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JESSUP, MD — Fruit and vegetable sales are good for distributors on and near the Maryland Wholesale Produce Center, here, according to several operators.

T.J. Rahll, office manager at Edward G. Rahll & Sons Inc. on the market, described business as "steady, not great." He added, “It is about on par with the economy. There has been a definite decline the last couple of years, but we're still kicking. I think the biggest part is that foodservice is hurting. The ma and pa restaurants are the thing of the past. Those are really struggling.” Mr. Rahll said that street sales on the Jessup market have been “very random all summer.”

Tony Vitrano, chief financial officer of the Tony Vitrano Co. on the market, said that the presence of “a few more ethnic companies, who have taken the place of the old guys,” has been a positive for the market. Several of these are “Asian and Hispanic companies that are fitting in quite well. That doesn’t change our operations too much, but it is good for the market. Their customers come to market and while they are here, they see everybody. It’s good for the market. Having the market full is a good thing.”

Jerrold Chadwick, vice president of marketing and business development for Lancaster Foods LLC, which operates a huge facility adjacent to the Jessup terminal, said that Baltimore-Washington is served by “dynamic” supermarkets, including Giant of Maryland LLC in Landover, MD, which “really made a turnaround in the last two or three years. They are doing much better.”

The strong retailers match a very strong local economy, Mr. Chadwick said. The wealth related to the federal government gives the area “an insulating effect” from negative economic events and provides “huge employment,” he said.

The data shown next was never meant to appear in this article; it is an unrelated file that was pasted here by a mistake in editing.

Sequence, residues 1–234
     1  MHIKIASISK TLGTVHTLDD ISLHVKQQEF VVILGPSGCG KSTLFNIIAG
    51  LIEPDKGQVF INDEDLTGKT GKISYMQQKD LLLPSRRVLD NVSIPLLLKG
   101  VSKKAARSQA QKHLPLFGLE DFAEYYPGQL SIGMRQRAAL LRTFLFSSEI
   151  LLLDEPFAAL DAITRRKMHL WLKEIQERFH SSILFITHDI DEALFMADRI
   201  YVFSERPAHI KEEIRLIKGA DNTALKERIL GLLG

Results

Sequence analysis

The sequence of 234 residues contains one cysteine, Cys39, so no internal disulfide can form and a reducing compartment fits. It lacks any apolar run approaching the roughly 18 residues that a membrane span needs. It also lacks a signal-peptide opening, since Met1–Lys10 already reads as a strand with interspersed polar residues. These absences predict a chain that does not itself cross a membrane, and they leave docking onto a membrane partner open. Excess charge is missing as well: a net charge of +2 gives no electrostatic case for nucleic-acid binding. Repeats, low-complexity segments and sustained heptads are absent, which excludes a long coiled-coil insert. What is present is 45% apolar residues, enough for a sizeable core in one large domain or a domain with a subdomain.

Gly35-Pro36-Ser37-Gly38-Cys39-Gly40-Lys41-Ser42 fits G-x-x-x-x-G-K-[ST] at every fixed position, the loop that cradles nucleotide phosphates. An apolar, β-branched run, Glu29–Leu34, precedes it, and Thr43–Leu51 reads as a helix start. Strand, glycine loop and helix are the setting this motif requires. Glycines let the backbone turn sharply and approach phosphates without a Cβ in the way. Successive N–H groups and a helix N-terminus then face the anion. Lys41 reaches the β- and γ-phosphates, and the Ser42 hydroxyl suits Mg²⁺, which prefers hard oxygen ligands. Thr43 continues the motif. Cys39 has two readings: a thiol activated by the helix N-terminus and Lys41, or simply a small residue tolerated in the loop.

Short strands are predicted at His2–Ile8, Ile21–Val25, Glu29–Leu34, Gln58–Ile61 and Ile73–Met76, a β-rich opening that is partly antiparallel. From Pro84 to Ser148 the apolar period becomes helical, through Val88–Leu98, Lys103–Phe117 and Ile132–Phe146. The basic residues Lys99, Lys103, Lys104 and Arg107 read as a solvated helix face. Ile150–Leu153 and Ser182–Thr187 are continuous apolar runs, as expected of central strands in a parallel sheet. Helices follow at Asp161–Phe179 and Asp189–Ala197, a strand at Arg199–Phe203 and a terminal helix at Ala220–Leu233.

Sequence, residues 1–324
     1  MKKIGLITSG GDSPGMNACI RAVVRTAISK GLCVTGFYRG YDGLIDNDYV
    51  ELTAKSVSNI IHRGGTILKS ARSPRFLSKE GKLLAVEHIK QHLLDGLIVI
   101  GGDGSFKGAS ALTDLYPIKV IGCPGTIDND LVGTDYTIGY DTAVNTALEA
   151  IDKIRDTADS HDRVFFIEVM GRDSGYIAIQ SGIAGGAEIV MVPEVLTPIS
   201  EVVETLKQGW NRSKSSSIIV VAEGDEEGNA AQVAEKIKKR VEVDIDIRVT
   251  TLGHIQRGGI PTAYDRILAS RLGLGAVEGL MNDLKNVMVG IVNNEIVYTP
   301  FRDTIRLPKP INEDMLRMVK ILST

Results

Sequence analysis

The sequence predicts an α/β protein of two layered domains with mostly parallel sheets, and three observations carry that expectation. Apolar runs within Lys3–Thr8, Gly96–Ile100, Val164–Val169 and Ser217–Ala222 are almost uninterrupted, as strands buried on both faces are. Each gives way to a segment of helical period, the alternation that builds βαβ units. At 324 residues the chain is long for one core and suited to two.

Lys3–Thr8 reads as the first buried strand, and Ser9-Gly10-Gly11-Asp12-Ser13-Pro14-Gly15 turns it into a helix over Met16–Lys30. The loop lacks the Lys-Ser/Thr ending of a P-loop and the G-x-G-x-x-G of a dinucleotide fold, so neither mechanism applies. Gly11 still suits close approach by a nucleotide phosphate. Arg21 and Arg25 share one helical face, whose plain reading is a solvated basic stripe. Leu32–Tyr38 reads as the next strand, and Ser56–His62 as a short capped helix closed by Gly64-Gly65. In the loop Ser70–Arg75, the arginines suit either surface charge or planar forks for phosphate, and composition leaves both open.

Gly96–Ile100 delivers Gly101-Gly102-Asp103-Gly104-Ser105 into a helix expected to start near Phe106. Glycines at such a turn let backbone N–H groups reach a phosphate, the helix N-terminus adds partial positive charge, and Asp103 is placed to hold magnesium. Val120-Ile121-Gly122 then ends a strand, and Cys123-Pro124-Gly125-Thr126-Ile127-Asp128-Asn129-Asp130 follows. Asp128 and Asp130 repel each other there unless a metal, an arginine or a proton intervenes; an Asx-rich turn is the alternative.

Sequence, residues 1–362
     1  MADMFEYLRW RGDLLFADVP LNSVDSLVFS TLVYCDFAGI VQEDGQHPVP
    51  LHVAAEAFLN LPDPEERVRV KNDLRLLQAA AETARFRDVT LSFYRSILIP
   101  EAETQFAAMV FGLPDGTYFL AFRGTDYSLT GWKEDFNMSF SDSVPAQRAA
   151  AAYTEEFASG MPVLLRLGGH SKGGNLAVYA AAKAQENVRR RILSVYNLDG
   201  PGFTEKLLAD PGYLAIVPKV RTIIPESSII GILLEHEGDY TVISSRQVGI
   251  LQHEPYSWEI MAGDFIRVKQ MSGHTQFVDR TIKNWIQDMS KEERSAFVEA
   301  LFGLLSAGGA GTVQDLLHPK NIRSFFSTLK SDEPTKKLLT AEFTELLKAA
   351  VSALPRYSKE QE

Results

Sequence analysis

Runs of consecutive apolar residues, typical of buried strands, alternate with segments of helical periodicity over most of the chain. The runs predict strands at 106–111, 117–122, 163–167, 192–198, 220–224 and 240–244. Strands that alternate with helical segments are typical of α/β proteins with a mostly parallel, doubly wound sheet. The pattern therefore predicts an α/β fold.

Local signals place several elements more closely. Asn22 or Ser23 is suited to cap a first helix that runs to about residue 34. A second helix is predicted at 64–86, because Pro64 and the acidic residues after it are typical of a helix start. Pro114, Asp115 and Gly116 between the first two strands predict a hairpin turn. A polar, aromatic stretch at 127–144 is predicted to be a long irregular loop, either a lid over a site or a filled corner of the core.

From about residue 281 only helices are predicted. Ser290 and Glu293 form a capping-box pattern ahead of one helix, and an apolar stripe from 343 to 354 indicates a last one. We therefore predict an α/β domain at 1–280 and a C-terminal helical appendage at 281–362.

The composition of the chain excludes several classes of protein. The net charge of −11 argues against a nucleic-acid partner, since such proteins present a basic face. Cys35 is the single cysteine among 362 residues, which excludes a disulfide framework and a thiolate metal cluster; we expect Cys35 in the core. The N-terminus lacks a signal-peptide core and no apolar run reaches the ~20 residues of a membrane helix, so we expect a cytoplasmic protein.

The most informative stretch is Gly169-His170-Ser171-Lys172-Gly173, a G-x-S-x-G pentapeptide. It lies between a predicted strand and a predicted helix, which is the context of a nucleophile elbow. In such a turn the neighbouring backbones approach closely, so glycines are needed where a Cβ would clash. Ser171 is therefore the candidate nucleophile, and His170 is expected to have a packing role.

Federal employees don’t face a downturn with unemployment, and all economic indicators, such as unemployment, income and foreclosure rates, point to the strength of the local economy, Mr. Chadwick said. “It is better than the United States’ economy and better for us suppliers. The [average] local income is still up. It is all driven by the federal government. The fundamentals of our economy are sound.”

The 30-year-old Mr. Rahll added, “The future is promising. There is still a ton of business out there. The bigger companies rely on smaller guys like us to fill in shorts. That said, there is always a place for us.” Rahll & Sons works from 12 units on the Jessup market.

Regarding discussion of eventually enclosing the Jessup market’s docks, Mr. Vitrano said, “That is certainly in the long-range plan, but it is not scheduled yet. It is just in the talking stages. They haven’t really come up with the proper design. We have a wide range [of] customers who need to load tractor- trailers or pickups.” Having a dock to accommodate all types of customer vehicles is difficult, he underscored. Thus, improvement plans are in the “exploratory stages for the right market upgrade to utilize. Then it will be available when time comes to do it.”

Mr. Rahll said, “Everyone is waiting to see what happens. We all wanted to see a model, and that hasn’t happened yet.”

In the meantime, he said, “The market is clean. The market is in good shape.”

(For more on the Baltimore market, see the Sept. 6, 2010, issue of The Produce News.)